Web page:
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History 118 - United States History, 1865 - Present - Stonis

With the recent controversies around Confederate monuments and historical memory, this project helps students think about public spaces, historical revision, and public art in an engaging way.

Primary Sources | What Are They?

Primary Sources Defined

Workers prepare for an expected 100,000 people for the dedication of the world's largest memorial to leaders of the Confederacy, May 1970.

Image Source: Smithsonian Magazine

What Are Primary Sources?
PRIMARY SOURCES are FIRST HAND ACCOUNTS and include works such as:


- journals

- letters

- photographs

- speeches

- memoirs

- autobiographies

- original artwork (or photographic representation of art work)

- artifacts

A PRIMARY SOURCE can be anything that is considered a DIRECT SOURCE; in other words, a source that was created by someone who was either a direct participant in, or an observer of, an event.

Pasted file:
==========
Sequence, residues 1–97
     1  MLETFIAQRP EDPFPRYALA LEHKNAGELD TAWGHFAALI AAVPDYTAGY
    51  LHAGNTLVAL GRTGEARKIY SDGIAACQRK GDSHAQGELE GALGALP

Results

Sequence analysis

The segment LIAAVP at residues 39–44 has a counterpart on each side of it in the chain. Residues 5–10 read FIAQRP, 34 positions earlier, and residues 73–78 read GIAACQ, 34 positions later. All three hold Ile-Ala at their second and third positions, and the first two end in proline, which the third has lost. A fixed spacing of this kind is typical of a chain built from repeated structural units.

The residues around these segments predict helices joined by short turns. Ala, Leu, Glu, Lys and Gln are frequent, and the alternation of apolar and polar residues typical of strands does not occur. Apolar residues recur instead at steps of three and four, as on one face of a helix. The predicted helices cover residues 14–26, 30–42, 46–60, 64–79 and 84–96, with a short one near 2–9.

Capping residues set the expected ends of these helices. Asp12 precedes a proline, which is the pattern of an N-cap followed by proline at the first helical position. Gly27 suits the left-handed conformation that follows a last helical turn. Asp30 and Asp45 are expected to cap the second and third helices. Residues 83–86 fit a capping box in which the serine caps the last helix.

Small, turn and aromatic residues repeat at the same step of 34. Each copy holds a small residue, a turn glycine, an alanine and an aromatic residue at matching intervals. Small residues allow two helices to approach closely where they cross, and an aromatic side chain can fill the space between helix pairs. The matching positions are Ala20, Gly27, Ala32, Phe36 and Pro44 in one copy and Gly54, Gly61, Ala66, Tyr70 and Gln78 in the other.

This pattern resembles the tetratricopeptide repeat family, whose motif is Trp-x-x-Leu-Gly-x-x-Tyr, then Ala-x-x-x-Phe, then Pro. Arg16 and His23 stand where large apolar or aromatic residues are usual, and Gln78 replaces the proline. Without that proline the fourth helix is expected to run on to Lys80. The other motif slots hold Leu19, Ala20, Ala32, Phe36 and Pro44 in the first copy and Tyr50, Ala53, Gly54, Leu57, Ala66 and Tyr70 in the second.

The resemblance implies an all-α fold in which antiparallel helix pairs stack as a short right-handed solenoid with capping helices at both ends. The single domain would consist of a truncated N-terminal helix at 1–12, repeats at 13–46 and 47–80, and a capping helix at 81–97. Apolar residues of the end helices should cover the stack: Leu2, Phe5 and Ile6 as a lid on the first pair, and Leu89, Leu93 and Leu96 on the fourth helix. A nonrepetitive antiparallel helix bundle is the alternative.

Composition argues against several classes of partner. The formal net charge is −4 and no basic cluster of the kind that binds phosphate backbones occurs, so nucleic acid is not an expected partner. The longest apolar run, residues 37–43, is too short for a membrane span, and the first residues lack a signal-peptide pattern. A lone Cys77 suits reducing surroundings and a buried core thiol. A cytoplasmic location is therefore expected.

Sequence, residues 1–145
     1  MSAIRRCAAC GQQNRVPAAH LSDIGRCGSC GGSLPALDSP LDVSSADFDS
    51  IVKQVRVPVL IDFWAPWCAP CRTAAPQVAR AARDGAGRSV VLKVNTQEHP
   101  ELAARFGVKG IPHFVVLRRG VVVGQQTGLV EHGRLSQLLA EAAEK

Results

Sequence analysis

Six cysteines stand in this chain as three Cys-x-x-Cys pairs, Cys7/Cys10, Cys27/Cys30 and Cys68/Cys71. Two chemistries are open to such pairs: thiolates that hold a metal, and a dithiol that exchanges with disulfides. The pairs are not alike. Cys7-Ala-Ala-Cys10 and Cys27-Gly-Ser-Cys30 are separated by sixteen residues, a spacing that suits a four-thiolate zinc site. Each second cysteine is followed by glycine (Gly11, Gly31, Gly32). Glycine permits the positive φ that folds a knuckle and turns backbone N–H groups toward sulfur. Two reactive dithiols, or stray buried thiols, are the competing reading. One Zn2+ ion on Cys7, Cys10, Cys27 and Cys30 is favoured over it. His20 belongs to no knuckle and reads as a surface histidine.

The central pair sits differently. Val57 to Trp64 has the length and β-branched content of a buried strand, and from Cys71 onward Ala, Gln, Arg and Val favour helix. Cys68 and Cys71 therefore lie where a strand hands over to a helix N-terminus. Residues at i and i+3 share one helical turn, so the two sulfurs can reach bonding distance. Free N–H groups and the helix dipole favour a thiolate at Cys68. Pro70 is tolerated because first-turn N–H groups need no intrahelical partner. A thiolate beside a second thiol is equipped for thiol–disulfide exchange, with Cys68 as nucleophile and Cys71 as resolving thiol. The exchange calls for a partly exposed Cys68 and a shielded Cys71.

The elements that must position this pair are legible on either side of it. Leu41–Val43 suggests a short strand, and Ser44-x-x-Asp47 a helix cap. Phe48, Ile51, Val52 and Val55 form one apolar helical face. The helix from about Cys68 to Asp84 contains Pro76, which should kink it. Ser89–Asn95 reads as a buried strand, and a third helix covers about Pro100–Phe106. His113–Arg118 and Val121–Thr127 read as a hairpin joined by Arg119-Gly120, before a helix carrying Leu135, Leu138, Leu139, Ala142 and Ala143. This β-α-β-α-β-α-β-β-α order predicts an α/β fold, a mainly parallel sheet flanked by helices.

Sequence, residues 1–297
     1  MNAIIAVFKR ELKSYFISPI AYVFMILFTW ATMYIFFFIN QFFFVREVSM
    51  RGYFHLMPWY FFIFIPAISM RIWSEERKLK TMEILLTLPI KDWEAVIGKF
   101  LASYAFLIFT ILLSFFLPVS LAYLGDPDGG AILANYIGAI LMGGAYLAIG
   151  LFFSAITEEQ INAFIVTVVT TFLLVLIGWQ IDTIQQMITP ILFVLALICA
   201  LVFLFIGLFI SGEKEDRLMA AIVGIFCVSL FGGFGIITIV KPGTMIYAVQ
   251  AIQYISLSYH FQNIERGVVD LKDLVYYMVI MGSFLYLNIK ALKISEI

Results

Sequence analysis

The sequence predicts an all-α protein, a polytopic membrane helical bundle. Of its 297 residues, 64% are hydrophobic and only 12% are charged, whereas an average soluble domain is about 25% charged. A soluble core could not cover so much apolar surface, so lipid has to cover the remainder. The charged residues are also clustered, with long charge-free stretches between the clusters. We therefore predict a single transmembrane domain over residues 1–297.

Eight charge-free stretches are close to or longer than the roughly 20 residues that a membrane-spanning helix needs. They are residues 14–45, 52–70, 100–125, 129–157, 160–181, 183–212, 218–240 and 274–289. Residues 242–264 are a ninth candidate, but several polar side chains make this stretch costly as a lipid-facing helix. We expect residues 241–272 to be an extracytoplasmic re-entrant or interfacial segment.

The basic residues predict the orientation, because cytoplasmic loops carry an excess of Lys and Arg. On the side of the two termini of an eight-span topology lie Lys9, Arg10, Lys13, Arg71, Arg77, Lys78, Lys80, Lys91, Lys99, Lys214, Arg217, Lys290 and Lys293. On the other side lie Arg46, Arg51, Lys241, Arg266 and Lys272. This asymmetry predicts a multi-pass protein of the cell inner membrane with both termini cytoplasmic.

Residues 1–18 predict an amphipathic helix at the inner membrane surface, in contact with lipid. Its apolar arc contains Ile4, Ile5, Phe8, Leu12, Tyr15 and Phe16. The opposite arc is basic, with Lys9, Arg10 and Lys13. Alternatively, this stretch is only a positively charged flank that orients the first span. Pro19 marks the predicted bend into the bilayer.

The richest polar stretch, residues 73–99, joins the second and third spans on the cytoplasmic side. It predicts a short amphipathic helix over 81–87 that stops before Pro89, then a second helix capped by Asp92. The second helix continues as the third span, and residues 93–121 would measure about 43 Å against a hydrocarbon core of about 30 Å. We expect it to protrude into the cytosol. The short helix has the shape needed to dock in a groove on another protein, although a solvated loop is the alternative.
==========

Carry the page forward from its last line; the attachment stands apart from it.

Primary sources can also include RAW DATA. Census data or facts published in a newspaper account immediately after an event may be considered primary, depending on the account.


poetry or lyrics

- policy or legislation

- songs in audio format

- playbills

- promotional posters 

- fliers

- flags

- ticket stubs to an event

- postcards

- maps

- cartoons

- public opinion polls

- manuscripts

- quotations

- propaganda

- other creative production or artwork in various mediums such as ceramics, metal, etc.


Although many sources can be considered primary, it's important to consult with your instructor to confirm a source you're considering using in your group project is acceptable for this assignment. While some instructors may accept a wide variety of primary sources, others may specify the kind of primary source you're expected to use. It's your responsibility to understand the requirements of the assignment and to select and use the correct materials. If you have questions, ASK!

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